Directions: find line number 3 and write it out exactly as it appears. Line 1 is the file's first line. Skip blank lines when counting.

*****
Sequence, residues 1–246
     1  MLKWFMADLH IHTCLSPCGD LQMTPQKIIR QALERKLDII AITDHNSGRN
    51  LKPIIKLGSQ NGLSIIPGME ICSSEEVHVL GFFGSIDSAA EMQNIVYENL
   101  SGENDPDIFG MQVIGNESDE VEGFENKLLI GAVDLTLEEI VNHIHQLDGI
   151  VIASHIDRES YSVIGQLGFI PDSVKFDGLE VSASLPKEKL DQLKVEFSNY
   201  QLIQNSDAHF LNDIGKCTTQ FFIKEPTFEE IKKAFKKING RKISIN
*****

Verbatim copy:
    51  LKPIIKLGSQ NGLSIIPGME ICSSEEVHVL GFFGSIDSAA EMQNIVYENL